Then, look for ways to develop content and sales enablement materials that address those pain points in the sales cycle.

The more you empower your channel partner’s sales teams with the content and tools they need, the more sales they’ll be able to close, and faster. 

Provide Education and Consider Establishing Partner Certification

This is an especially useful channel sales strategy for manufacturers with partners who supply more than just your products. 
Think about it — if you had two very similar products in stock, one that you knew a lot about, and one that you didn’t, which would you talk about to a customer?
Probably the product you were comfortable with. 
When your channel partner’s sales team feels comfortable talking about your products with customers, those are the products and parts they’ll sell.  
How to get to that top-of-mind position?
Offer it up — the more education and onboarding resources you can offer to your partners, the better. 
How to get them to use it? 
Incentivize learning more about your products. 
One really common way to do this is to establish certifications or different partner tiers. 

How manufacturers can implement certifications to boost channel sales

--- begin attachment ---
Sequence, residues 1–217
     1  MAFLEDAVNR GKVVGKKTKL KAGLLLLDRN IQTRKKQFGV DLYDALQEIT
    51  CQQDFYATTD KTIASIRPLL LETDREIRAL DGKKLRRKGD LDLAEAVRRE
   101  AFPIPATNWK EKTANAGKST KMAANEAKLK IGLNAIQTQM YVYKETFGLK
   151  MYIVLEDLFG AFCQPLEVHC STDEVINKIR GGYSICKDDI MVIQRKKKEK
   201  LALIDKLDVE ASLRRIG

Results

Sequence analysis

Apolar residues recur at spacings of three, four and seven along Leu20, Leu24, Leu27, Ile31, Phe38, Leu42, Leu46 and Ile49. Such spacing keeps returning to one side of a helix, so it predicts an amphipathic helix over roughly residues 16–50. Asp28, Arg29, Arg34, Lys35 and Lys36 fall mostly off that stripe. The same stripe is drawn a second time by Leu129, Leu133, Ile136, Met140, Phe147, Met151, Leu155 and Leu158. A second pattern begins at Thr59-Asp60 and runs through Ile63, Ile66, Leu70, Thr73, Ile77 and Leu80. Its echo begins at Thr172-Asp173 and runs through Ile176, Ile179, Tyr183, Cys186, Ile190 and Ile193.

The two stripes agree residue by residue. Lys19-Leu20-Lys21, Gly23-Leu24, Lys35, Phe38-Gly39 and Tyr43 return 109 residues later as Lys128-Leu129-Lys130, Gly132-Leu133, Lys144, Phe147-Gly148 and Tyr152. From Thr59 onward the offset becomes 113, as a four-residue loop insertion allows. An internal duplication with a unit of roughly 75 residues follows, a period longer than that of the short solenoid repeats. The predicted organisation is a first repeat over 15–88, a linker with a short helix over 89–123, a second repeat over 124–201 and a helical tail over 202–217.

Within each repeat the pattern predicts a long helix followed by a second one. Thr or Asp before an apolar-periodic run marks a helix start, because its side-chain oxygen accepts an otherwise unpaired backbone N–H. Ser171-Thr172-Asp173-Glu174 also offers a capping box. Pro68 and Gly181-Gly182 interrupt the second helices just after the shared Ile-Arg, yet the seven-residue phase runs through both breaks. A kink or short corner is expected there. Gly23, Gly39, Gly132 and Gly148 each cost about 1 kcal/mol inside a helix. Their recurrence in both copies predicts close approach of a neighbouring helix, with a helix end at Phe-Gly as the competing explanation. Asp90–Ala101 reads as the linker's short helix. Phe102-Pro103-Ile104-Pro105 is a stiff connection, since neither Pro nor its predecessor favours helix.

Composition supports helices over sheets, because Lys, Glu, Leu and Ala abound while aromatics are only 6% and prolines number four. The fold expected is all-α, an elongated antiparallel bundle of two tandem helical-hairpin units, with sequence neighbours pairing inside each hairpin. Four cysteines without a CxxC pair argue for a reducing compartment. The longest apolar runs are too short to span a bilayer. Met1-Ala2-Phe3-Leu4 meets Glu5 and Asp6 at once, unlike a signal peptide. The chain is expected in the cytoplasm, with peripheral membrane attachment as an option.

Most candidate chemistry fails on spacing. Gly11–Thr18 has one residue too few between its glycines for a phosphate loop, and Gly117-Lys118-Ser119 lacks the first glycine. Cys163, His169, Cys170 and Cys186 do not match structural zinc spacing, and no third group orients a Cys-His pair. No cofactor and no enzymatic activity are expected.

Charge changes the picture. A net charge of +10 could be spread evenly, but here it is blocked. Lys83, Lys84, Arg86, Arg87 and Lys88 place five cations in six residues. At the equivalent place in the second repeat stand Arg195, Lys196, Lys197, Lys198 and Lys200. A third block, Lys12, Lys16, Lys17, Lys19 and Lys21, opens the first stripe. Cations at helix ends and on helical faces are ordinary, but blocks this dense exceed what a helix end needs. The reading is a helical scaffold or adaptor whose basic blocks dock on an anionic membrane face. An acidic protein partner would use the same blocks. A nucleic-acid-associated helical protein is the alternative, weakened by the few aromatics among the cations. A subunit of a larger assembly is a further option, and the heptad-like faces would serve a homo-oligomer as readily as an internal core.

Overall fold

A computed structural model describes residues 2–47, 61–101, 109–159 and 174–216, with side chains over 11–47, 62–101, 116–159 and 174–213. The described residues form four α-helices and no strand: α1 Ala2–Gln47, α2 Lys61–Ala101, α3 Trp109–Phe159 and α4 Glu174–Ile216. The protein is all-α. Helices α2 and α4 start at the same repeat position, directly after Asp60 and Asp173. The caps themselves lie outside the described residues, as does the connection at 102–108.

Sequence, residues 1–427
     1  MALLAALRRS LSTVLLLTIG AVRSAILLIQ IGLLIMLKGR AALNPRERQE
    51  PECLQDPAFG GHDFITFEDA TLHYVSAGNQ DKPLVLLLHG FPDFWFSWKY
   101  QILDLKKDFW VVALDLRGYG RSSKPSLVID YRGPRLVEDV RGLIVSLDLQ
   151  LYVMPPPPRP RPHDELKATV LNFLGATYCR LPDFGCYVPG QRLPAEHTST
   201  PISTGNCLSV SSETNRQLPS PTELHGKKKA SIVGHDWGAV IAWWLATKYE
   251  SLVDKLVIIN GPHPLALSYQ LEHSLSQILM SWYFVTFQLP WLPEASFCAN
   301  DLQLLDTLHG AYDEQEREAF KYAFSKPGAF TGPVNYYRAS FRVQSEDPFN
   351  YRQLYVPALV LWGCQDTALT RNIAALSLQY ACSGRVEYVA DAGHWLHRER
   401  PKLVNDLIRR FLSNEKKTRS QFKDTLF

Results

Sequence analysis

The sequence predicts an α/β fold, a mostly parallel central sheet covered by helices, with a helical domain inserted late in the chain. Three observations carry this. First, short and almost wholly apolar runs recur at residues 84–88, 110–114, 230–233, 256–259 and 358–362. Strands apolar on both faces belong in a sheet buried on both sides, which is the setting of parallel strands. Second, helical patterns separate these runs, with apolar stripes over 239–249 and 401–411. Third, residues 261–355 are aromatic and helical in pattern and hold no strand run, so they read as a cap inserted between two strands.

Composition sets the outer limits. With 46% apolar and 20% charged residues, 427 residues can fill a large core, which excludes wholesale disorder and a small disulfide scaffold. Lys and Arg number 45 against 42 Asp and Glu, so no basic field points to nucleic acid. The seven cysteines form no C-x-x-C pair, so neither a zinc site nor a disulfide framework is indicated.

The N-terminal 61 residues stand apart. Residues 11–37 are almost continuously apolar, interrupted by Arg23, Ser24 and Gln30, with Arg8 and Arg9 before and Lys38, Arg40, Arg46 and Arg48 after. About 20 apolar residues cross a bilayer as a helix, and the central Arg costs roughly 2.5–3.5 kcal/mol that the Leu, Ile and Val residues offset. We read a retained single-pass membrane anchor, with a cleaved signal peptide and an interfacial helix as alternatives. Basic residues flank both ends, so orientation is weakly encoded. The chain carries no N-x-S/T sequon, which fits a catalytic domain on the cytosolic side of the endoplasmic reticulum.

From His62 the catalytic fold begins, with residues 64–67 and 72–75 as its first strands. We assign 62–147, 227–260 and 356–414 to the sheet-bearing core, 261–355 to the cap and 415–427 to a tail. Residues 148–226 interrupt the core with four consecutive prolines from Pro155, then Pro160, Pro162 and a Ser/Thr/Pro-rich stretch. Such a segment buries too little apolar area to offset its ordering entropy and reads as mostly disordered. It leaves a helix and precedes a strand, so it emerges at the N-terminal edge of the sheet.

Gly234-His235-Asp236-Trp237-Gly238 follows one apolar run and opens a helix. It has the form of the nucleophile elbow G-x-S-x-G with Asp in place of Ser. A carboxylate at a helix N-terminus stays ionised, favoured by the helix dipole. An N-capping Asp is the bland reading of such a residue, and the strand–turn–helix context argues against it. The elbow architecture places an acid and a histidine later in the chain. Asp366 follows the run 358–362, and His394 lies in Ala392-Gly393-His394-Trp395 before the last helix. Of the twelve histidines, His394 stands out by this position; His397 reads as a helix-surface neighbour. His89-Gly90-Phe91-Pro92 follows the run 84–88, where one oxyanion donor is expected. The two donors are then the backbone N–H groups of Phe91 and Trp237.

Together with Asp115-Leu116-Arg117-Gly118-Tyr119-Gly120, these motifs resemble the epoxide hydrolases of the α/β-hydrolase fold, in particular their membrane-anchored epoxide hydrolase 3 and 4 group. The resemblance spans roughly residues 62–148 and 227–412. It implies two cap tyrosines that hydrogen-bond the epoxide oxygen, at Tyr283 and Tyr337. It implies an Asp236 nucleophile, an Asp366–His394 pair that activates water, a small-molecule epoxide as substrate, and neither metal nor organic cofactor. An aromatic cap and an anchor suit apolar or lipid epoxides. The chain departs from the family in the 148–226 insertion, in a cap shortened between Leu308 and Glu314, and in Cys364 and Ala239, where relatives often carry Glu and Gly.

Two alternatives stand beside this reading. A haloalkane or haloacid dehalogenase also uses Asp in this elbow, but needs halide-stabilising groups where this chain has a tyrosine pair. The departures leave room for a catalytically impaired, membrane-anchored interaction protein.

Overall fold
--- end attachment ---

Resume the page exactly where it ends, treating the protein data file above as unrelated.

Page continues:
GAF logo
GAF logo
One of my favorite examples of a smart, effective certification program for channel sales comes from  GAF, the shingle manufacturer. GAF has a special certification, its Factory-Certified Master Elite Roofing Contractors. This certification is only given to about 2% of roofing contractors in the US. 
What’s unique about their certification is that Master Elite contractors have exclusive access to top-tier products, and are the only contractors allowed to offer GAF’s gold-level warranty. 
For GAF’s certified contractors, being Master Elite certified is a clear benefit. They can offer better warranties and better products, which means more consumers who value a quality roof will seek them out. But, this incentivizing certification program also provides value to GAF. 
GAF knows that only their top channel partners — their Master Elite contractors — can offer high-tier warranties and products. These contractors have to take many educational courses and must provide a certain level of service. This helps GAF ensure that they’re protecting their brand’s reputation, while also helping them sell more of those top-tier products. 
While your certification program doesn’t have to be as involved as GAF’s, tying your educational materials to some sort of reward is a great way to show your appreciation for top-tier partners, and incentivize other channel partners to get educated about your products.